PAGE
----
Complaining about the TSA (in front of them) makes you more likely to be a terrorist/criminal?

Gotta love this CNN article about indicators that TSA’s Behavior Detection Officers look for when profiling passengers, including the following:

Arrogant complaining about airport security is one indicator Transportation Security Administration officers consider when looking for possible criminals and terrorists, CNN has learned exclusively. And, when combined with other behavioral indicators, it could result in a traveler facing additional scrutiny.

While I don’t claim to be a security expert, I can’t for the life of me figure out how complaining loudly in front of the TSA about the security process makes you more likely to be a criminal or terrorist. It always gets me “special” treatment, and that’s not what I’d want if I were hiding something. Wouldn’t a terrorist be more likely to try and blend in, and therefore not complain about the security process?

I guess the answers to my questions are top secret, classified government information.

Filed Under: Security/TSA
  1. The constant TSA bashing becomes old after a while.

    Security and screening is a lot more complex then you give it credit for. Trust me, i’ve seen and know a wee bit more about the world then you do as a 20-year old college kid.

    i dont know if your read fish’s piece, but its actually a level headed look at security, instead of a constant stream of complaints of security minutia (like “i can’t believe TSA asked me my name”!)

  2. Steve, if you’re done being patronising and assuming that nobody younger than you knows anything (BTW, when I was Ben’s age I had an MA in International Relations with a specialty in Islamic Terrorism and was analysing Al Qaeda recruitment videos, so you probably didn’t know more than this particular 20-year-old), you might want to consult some actual experts in security rather than Steven Frischling.

    Bruce Schneier, perhaps, who makes the point that the key improvements in US aviation safety in the last ten years are (a) better intelligence, (b) secure cockpit doors, and (c) a change in on-the-plane response by passengers and crew from “sit quietly and don’t antagonise the hijackers” to “fight back”.

    PS If you’re going to make disparaging remarks about “college kids”, probably best to use capital letters so you look like you completed your own education.

  3. (Hey Ben, has there been a commenting system upgrade? Whitespace between paragraphs is disappearing and the line spacing looks a little more cramped than I remember.)

  4. wow john, now who’s being patronising…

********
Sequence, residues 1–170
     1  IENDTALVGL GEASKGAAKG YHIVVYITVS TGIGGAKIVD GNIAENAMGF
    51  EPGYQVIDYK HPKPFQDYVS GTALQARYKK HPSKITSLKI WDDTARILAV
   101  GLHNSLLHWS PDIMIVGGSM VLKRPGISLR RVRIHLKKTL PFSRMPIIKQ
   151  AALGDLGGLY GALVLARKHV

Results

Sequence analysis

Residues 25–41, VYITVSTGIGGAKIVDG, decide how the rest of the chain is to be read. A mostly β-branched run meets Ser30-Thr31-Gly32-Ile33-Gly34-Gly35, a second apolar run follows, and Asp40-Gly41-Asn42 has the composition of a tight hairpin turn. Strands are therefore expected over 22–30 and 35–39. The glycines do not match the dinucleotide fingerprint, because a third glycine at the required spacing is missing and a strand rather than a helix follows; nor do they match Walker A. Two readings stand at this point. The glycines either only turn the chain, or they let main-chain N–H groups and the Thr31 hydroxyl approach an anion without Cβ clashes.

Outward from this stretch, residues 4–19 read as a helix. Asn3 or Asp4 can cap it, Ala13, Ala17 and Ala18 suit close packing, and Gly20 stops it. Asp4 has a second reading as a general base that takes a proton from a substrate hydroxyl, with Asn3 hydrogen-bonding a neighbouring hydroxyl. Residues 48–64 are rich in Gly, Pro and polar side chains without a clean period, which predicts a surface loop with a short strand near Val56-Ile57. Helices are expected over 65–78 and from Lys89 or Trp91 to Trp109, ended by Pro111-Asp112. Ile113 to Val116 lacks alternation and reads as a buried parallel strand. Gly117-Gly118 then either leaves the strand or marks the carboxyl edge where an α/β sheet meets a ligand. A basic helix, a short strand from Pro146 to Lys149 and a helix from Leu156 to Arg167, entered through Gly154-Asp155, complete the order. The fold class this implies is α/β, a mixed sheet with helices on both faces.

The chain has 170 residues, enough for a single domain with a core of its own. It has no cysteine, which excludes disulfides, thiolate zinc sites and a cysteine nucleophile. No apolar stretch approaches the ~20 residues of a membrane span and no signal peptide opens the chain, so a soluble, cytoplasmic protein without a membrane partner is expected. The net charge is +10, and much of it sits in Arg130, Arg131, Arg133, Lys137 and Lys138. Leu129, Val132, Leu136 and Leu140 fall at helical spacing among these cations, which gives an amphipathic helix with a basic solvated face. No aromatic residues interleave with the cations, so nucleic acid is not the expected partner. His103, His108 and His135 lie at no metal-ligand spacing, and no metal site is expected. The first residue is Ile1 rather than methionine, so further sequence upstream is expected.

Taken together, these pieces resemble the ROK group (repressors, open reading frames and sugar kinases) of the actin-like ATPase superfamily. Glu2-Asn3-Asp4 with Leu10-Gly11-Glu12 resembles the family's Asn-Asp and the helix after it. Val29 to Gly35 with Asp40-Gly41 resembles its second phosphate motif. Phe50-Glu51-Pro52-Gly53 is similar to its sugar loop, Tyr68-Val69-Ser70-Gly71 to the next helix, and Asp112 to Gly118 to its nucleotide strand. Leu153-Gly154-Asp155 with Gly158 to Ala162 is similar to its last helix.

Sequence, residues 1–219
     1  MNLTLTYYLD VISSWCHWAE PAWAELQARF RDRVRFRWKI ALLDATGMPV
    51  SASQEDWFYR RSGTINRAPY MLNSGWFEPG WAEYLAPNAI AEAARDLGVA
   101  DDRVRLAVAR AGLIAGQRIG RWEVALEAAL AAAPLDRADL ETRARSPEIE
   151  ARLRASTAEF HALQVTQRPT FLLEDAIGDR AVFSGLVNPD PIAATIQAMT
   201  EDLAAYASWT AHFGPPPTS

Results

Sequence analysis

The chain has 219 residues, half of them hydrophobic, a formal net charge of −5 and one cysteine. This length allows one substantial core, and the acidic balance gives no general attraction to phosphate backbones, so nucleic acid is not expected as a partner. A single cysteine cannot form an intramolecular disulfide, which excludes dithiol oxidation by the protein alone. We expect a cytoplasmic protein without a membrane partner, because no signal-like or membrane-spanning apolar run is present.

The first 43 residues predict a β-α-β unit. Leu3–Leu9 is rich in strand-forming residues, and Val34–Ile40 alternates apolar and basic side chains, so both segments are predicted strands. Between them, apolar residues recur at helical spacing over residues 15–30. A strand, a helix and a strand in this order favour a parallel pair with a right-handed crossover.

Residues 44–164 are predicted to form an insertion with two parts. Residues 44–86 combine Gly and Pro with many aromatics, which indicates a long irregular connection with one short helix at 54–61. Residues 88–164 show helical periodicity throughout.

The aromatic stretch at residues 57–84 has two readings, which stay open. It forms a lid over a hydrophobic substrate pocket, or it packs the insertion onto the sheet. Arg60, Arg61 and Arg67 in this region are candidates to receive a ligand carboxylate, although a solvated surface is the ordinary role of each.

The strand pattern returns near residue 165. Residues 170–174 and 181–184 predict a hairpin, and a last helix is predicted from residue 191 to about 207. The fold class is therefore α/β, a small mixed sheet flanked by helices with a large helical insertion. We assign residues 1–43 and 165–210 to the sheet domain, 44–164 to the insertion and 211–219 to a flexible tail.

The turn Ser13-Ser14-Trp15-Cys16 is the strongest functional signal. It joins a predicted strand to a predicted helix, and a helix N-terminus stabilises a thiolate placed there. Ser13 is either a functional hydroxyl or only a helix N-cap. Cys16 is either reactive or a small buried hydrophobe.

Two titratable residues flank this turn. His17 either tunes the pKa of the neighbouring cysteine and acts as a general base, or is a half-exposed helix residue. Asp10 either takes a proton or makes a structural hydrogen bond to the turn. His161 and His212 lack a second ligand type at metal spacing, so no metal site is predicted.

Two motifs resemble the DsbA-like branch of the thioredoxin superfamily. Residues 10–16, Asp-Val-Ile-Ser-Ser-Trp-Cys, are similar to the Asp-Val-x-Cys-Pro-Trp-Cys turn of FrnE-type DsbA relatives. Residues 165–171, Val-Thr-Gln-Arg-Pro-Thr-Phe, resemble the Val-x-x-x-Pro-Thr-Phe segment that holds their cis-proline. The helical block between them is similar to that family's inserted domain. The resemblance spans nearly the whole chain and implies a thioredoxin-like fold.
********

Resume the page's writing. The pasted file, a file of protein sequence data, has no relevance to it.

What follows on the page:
i don’t know anything about you, or ben. i’m not saying that people younger then me don’t know anything. and for the record, you have zero idea about my background, so i wouldn’t jump to conclusions either.

    my only point is that it seems like there is a constant stream of anti-TSA posts. after a while it comes off like TSA is wrong about everything – and that, yes, maybe a group of intelligence agents know a little more then everyone who blogs about them.

    security is a lot more complex and difficult then most people think. especially when it has to be cost effective.

  5. That might be the first time I’ve ever heard of the TSA being called “cost effective”.


  6. While I generally avoid the TSA bashing I think most security people would tell you terrorist try to be low profile and avoid being the center of attention.

    If they are singling out people who are complaining about the TSA they are doing so out of retaliation and teaching the complainer who really is in charge while hiding behind the security excuse.

    The bottom line is that they can’t afford to high top notch security people and while many workers are trying to do a good job there are a few workers who have the attitude that comes with being in power.

    Personally I have no problems with the scanning devices and don’t think they should be optional.

  7. This policy can’t possibly have anything to do with finding terrorists. It is about protecting TSA authority.

  8. I tend to give TSA a lot of slack and the benefit of the doubt as their job can be difficult. But this does really bother me as it strikes me as the epitome of what’s required to sustain a corrupt organization. “If you complain about what we are doing, you are a terrorist” “If you disagree with our methods, you are a criminal”. People being trained to think like this is just plain Scary. This also comes at a time when the current rape allegations against NYPD officers reminds us that those in power can often violate our basic individual rights. If complaining against injustice makes you more likely to be a terrorist, we are headed in the wrong direction.